What is spud lust you ask? Generally, it is a love for all things potato. Specifically, spud lust is a common breakfast menu item served on river trips I take with a small group of funhogs known as the Why Be Normals. (Long story: I may get to them one day). Spud lust: potatoes, boiled a the night before then fried in copious amounts of olive oil with onions, garlic, whatever spices look good in the spice kit, served with scrambled eggs, lots of cheese, and salsa. Spud Lust tastes best on a wilderness river beach in Oregon, Idaho, or Arizona whilst admiring a row of wooden drift boats pulled up in the sand. That said, river drifting is not really my intended focus of this blog. I hope to focus on food, farming, localvorosity, friends, my love for life in the Pacific Northwest and hopefully soon to be realized move out of the city and into agriculture.
So, back to potatoes: what can I say? I have cousins with the good Irish name of Rankin, perhaps that is why I so love potatoes. Boiled, baked, fried, mashed, it is (as we say on the West Coast) all good. I have been told that it is a waste of time to grow your own when you can get a 20 pound bag of Idaho roasters for 5 bucks. Don’t believe the hype. Our backyard grown spuds have been one of the most satisfying crops we have produced. My personal favorite? The french fingerling La Ratte. When baked in the oven tossed with olive oil, salt and pepper until puffy and toasty brown the light yellow flesh just melts in your mouth. More likely my mouth unless you move quickly. One of my favorite words is scrabbling (really, scrabblin’), the act of digging for new potatoes with your hands. Hard scrabblin’ is a euphemism for tough times, like digging for small potatoes in heavy clay. Hardly worth the effort. Unless the potatoes are french fingerlings….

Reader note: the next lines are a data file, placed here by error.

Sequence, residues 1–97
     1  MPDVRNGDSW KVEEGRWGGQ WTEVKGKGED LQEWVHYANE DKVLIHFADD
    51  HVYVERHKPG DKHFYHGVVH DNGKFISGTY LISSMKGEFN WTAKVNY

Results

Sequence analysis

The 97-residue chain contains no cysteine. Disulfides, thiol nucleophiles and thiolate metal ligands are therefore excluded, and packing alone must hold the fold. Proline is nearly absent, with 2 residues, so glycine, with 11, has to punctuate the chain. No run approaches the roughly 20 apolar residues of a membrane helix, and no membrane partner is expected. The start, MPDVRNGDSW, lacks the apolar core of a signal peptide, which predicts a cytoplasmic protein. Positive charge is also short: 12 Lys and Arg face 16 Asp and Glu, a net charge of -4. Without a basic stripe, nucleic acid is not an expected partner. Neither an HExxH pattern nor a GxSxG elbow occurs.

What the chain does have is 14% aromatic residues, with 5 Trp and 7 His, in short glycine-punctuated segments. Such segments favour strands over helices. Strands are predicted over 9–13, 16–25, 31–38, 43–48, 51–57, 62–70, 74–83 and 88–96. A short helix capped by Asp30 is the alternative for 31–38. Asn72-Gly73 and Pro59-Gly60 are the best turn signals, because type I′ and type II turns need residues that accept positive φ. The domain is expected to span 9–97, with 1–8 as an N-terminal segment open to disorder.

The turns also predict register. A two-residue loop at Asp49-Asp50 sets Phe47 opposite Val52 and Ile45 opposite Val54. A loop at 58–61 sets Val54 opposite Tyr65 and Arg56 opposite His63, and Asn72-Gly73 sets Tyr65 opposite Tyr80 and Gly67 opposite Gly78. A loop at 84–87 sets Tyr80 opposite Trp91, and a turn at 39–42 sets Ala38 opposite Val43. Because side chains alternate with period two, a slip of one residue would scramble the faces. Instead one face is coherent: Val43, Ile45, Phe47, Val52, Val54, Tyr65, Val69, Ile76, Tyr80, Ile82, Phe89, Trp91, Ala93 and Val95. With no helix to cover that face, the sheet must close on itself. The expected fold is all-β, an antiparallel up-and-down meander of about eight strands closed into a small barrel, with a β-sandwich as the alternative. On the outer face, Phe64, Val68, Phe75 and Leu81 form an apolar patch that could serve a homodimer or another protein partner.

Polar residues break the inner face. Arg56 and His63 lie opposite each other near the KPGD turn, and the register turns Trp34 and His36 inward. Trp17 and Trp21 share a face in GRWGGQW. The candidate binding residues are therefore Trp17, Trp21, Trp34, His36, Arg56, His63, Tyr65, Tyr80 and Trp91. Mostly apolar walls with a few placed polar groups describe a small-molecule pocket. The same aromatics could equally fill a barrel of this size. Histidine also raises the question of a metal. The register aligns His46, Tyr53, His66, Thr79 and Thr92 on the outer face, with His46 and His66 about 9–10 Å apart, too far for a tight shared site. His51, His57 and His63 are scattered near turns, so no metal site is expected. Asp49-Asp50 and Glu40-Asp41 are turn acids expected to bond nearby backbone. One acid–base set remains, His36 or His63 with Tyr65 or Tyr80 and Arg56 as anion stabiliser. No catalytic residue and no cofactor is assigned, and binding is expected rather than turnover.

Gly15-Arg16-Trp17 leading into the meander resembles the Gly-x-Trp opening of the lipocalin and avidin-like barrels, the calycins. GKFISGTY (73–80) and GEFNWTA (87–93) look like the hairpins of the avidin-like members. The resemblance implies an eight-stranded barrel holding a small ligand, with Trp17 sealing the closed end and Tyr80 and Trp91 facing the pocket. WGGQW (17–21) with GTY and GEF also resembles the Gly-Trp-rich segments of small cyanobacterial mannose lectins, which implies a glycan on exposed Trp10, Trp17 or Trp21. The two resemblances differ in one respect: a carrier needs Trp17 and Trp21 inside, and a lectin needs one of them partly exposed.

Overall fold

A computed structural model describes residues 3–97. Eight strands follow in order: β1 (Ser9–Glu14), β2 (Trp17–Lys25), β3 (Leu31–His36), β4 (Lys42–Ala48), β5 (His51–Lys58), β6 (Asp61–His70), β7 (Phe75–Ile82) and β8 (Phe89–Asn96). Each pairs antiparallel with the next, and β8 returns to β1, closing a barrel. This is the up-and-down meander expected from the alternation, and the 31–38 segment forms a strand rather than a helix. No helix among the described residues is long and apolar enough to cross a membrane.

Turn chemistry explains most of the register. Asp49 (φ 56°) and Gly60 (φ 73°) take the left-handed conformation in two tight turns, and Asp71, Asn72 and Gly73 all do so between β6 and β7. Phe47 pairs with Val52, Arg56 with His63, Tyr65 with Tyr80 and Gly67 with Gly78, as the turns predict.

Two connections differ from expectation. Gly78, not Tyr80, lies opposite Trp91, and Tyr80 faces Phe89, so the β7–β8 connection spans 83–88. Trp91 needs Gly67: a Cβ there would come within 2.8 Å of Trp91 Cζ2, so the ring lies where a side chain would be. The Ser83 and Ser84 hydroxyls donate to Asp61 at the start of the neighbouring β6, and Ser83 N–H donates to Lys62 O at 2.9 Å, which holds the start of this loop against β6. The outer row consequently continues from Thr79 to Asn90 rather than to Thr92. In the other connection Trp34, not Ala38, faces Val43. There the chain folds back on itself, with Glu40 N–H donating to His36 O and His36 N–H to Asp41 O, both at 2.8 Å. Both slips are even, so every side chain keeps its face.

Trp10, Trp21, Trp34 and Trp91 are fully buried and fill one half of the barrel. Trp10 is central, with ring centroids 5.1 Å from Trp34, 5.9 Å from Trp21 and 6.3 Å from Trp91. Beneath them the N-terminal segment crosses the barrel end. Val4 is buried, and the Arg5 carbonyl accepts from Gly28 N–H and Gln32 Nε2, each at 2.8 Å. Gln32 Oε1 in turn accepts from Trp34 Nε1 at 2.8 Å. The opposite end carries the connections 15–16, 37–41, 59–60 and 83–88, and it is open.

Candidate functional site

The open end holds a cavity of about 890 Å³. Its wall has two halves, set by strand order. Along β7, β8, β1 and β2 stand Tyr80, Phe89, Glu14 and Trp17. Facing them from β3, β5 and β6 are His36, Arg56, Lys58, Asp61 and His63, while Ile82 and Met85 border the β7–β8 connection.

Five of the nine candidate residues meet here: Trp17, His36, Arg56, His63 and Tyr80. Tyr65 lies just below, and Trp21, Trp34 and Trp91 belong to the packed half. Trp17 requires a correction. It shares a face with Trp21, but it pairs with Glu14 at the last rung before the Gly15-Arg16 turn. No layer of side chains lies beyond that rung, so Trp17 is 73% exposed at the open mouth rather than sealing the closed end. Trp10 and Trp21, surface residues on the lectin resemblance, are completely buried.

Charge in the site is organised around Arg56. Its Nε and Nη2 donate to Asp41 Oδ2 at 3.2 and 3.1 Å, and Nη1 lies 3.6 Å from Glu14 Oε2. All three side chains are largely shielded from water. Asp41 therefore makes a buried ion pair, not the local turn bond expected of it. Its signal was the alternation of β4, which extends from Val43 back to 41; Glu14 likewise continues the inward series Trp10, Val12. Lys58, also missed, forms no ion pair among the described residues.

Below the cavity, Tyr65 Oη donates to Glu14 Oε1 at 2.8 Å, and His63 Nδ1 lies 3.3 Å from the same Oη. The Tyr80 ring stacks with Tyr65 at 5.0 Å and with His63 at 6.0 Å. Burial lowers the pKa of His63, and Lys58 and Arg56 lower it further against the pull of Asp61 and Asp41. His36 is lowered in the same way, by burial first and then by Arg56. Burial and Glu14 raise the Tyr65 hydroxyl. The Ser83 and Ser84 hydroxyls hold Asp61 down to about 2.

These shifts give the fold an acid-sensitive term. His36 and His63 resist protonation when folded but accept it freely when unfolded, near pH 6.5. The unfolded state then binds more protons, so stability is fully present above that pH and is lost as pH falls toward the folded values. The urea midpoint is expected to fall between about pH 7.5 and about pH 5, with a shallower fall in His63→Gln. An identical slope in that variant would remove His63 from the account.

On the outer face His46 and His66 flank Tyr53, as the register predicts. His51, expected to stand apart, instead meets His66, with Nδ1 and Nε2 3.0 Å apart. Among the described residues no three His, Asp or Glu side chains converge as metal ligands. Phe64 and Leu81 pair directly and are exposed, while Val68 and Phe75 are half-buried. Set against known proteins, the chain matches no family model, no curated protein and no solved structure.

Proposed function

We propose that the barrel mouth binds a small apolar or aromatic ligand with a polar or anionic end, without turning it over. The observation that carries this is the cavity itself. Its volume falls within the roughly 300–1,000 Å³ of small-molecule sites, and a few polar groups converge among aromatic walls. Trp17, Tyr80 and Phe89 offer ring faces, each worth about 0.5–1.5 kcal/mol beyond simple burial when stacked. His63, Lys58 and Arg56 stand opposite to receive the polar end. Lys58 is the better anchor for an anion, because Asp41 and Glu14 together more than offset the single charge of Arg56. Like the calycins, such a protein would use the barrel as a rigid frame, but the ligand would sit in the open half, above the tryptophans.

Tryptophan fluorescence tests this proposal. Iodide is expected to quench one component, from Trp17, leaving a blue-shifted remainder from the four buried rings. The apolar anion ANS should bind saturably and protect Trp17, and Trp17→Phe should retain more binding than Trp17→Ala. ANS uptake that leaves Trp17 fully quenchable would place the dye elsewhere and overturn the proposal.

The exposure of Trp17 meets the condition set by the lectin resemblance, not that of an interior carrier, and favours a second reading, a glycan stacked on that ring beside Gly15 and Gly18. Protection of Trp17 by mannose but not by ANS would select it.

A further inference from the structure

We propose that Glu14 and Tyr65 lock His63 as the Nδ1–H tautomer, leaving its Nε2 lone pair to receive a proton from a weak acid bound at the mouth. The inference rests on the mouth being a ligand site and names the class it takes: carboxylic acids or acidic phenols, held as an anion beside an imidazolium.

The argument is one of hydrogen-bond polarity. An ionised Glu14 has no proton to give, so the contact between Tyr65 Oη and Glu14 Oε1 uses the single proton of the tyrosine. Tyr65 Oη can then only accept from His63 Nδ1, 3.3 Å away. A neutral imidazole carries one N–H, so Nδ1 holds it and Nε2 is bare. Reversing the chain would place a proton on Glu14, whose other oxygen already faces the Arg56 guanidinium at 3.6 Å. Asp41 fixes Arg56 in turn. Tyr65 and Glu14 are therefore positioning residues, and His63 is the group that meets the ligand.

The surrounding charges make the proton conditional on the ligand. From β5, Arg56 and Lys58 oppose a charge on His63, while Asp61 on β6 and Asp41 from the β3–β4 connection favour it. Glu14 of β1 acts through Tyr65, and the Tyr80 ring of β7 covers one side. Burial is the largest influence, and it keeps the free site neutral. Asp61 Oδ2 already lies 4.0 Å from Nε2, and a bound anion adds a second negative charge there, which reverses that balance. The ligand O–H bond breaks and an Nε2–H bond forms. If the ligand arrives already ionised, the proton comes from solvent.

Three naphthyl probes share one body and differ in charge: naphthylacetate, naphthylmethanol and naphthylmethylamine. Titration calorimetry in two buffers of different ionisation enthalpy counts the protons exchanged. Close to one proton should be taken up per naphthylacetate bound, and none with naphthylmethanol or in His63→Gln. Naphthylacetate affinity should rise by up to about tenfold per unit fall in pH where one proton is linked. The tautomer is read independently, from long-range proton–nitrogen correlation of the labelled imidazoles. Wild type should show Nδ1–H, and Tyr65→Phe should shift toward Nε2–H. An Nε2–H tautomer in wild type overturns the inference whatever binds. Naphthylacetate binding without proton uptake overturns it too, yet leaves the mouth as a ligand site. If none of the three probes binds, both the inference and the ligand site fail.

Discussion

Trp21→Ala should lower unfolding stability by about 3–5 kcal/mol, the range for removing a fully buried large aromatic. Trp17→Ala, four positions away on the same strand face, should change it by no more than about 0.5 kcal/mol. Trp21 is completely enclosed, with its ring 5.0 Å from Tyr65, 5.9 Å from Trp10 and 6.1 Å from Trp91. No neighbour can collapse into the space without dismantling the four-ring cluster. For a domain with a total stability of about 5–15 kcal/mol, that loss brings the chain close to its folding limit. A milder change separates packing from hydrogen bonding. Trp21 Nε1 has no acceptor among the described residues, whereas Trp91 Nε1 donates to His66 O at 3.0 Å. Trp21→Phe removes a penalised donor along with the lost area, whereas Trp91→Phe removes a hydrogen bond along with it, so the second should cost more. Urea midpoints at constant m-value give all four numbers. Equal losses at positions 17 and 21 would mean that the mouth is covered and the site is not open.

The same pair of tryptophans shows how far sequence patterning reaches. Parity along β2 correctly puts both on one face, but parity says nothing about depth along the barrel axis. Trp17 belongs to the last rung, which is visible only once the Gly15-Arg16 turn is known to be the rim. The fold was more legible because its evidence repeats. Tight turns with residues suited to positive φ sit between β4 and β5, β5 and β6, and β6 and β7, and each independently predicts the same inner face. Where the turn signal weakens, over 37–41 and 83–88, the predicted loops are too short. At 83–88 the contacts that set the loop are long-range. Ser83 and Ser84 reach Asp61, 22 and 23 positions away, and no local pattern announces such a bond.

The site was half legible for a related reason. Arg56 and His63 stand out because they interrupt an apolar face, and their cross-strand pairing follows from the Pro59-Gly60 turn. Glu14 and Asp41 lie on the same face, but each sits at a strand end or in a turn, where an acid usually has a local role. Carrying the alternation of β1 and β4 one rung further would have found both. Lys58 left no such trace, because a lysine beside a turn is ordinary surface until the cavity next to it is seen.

So, this blog will I hope chronicle my efforts to grow my own on my small urban lot in Oregon, where I tend fruit trees, vegetables, chickens and honeybees with the intent of honing my chops for real farming down the road, in addition to finding those rare but lovely metaphorical (and real) potatoes to get us through these hard times. Trying to up my quality of life, and worry less about my standard of living. And of course, eat as well as I can.